Four years since the first part of Suzanne Collins’ dystopian novels was adapted into film, the four-part story finally comes to an end. Panem, the Capitol of a ruined North America, is still being ruled by the evil President Snow (Donald Sutherland), who keeps 12 oppressed districts in check by hosting an annual Hunger Games. Each district sends up two “tributes" who must fight till the death, killing every other contestant before one is declared a victor. Katniss Everdeen (Jennifer Lawrence) and Peeta Mellark (Josh Hutcherson) return as heroes after winning the 74th Hunger Games in the first film.

Director Francis Lawrence took the directing baton from Gary Ross after the first film in the series, and built on the winning start with an equally engaging The Hunger Games: Catching Fire (2013), in which Katniss senses that a rebellion is brewing against the fascist regime. She and her emblem, the Mockingjay, become unifying symbols of the rebellion. But as Katniss soon discovers, she is just a puppet in the hands of ambitious rebel leader Alma Coin (Julianne Moore). The final book of the trilogy, Mockingjay, was split into two films. This may have been an error, since neither the penultimate episode, nor this final part, are satisfying, unlike the depiction of the brutal games and the political subtext of the earlier parts, which were both riveting and incisive.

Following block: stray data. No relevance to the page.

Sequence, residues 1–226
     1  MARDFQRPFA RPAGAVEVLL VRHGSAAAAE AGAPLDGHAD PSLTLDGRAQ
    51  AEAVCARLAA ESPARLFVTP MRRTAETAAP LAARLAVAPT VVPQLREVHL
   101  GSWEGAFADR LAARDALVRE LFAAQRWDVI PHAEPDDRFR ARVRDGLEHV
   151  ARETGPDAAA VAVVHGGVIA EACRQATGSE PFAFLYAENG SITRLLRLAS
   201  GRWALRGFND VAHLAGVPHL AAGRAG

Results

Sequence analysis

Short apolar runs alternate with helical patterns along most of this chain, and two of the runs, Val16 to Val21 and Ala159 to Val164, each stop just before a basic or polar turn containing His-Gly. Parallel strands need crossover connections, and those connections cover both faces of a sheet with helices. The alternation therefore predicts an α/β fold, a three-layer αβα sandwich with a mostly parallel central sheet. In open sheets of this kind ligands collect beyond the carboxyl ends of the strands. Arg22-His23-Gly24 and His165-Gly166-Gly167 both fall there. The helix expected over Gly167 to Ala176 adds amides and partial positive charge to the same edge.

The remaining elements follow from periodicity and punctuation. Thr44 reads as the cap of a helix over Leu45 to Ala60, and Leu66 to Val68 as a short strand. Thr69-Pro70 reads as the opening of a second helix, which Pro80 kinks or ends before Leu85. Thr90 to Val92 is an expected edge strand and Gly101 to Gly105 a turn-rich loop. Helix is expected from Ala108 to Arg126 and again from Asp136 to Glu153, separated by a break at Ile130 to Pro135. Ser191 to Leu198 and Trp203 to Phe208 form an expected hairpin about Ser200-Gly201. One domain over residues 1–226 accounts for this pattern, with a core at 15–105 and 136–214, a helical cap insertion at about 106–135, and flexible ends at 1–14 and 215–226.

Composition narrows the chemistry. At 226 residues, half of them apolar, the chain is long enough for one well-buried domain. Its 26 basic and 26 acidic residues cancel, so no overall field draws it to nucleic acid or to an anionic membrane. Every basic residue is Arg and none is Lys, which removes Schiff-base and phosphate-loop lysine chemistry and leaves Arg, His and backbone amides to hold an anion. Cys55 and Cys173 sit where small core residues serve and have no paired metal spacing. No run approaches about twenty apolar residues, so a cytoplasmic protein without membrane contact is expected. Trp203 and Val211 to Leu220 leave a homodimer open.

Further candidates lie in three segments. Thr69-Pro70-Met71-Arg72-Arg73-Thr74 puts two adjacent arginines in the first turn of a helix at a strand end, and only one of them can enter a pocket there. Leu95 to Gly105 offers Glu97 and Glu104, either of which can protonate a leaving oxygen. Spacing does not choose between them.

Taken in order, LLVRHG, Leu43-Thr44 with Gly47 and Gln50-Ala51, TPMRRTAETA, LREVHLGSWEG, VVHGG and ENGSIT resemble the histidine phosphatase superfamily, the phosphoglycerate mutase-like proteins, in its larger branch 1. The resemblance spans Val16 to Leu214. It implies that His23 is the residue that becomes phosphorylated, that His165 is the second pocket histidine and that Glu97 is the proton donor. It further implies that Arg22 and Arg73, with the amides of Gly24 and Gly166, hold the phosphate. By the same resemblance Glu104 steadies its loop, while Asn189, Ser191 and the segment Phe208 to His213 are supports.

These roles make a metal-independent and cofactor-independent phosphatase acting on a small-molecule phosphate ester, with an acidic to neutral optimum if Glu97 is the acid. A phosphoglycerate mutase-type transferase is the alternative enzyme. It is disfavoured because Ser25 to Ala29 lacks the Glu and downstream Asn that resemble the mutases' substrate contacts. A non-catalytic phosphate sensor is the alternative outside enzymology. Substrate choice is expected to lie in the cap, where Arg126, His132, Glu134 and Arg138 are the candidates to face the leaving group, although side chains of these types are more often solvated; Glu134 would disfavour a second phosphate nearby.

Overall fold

The Capitol is ready for the rebel attack and Katniss, Gale, Finnick and an elite team sets off to infiltrate Snow’s mansion. But Coin has a different plan—she wants their movements to be managed, recorded and used as propaganda videos. Katniss finally realizes she is a pawn in a game where there are possibly no winners, and takes charge one last time.

All the loose ends are indeed tied up—Plutarch (Philip Seymour Hoffman), Haymitch (Woody Harrelson), Effie (Elizabeth Banks), Gale (Liam Hemsworth), Peeta, and many of the other victors’ fates are shown.

At the end of Mockingjay—Part 1, one hoped for a fiery ending to this series. Instead, one is served a tepid finale. Lawrence looks tired of being a symbol, someone who must follow instructions and parrot lines prepared for her. Mockingjay—Part 2 is a touch too sentimental and does not turn up the heat enough. However, the political undertow comes to the surface, and Lawrence neatly presents how politics and showbiz are uneasy bedfellows.

Mockingjay Part 2 released in theatres on Friday

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